Click this text to edit. Tell users who you are or what you do.

Our Blog

An ongoing series of informational entries

What is the best massage for relaxation?

June 6, 2018

Recently a friend told me he frequented the massage chairs at the mall. I kind of just stared at him in disbelief.

"Really?" I asked him perplexed about why he chose to get a massage in the middle of a public walking area.

"Yeah, sometimes I just like to relax and you just do the medical stuff, right?" he asked.

Intention. It goes a long way. Often I fail as a practitioner to ask my client the goal for his massage. I think our society today often under estimates the power of relaxation. So many things happen within our body when we simply let go. Whether it be letting go of tension or stressful thoughts that have plagued us for days and will continue to taunt us for days to come. The intention of letting everything go can help us find peace in the simplicity of just being in the moment receiving the massage on the table.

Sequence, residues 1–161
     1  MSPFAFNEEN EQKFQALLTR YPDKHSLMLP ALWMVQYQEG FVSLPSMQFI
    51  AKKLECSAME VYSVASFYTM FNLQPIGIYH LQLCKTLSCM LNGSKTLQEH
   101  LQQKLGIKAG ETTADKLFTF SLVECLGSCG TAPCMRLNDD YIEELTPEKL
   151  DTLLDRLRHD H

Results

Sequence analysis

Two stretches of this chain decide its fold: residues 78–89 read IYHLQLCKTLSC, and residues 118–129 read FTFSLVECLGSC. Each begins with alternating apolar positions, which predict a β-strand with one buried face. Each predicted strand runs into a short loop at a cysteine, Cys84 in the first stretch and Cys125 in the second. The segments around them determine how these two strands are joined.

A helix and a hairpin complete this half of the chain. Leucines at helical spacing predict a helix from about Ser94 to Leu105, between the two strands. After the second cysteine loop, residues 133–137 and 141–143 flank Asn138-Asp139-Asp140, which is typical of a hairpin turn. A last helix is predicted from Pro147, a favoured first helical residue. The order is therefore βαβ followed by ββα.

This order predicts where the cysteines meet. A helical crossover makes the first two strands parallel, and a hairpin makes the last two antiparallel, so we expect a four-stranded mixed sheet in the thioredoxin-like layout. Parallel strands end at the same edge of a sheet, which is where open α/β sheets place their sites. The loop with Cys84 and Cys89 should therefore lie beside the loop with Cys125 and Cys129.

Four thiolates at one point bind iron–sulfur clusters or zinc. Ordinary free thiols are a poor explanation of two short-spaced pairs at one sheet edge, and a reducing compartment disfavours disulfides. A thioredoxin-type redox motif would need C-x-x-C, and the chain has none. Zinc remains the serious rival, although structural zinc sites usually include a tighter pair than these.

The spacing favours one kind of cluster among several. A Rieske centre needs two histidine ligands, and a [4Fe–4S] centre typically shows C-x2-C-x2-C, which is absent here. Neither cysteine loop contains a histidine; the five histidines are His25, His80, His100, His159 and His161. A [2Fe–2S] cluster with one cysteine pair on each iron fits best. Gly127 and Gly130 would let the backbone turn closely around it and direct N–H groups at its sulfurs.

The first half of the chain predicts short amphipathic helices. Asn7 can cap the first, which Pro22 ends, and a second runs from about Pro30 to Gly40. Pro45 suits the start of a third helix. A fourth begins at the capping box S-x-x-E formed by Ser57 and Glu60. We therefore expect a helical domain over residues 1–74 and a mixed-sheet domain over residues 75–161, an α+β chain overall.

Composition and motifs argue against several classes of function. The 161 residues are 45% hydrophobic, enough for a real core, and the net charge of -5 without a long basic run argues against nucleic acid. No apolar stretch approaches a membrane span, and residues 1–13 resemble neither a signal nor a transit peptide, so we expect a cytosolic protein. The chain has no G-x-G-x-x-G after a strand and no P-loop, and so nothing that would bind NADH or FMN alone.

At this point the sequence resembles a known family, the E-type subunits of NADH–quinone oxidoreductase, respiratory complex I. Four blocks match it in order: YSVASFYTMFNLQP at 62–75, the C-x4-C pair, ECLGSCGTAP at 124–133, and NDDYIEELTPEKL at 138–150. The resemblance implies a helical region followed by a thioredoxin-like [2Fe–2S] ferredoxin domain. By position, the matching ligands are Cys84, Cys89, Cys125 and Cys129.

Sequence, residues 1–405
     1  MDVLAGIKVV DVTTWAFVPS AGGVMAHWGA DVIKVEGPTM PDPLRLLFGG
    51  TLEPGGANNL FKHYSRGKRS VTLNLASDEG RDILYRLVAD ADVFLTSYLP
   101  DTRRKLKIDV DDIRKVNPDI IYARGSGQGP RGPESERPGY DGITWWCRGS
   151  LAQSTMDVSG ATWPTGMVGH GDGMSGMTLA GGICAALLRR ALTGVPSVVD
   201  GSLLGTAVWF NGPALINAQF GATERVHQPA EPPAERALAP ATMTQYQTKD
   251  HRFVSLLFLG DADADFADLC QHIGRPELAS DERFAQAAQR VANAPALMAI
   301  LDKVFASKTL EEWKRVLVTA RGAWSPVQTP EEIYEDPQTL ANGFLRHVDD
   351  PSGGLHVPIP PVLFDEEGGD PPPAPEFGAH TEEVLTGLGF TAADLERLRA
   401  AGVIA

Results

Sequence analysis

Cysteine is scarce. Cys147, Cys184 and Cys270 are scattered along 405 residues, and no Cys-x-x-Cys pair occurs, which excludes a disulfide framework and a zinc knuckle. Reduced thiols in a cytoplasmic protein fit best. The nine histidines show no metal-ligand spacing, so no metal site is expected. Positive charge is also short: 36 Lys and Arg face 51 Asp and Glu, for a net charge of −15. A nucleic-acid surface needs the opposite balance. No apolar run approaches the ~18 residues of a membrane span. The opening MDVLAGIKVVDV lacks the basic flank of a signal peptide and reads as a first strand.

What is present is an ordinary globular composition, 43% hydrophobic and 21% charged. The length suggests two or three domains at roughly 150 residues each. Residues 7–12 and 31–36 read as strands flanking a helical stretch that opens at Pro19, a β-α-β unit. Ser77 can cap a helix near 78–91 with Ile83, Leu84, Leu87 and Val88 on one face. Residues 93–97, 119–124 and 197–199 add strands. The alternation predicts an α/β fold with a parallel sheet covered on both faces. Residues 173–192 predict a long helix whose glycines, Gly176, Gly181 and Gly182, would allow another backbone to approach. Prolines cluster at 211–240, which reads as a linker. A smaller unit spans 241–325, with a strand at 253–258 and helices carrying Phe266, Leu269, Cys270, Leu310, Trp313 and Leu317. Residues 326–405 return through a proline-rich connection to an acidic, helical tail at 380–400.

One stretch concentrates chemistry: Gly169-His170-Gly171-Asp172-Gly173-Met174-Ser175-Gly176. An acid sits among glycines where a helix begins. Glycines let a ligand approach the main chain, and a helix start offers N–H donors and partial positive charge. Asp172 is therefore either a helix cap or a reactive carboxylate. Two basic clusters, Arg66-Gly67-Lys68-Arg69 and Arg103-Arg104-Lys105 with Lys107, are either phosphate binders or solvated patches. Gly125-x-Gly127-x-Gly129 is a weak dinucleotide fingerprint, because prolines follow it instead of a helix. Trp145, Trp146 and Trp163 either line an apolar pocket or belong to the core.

More often than not, when I am uncomfortable I catch myself shallow breathing holding my breath. Sometimes I have to remind myself to just breath. Exhale the negativity and breathe in the tranquility that only I can accept into my life. Breathing helps my muscles begin to release and my mind to calm. The oxygen I breath in helps to improve my circulation and blood flow through out my body.

Long connective massage strokes during a Swedish massage helps to ease the mind and stimulate the parasympathetic nervous system. Snoring, drooling, naps and astrotravel are encouraged. (Although I think I have only had one single solitary client claim to astrotravel during their massage.) Lymph often travels during the long connected strokes helping to remove metabolic waste from the tissues. Often people feel the urge to use the potty after a massage for this reason. Drinking water both before and after your massage encourages excretion and helps you to reap more benefits from your well spent time.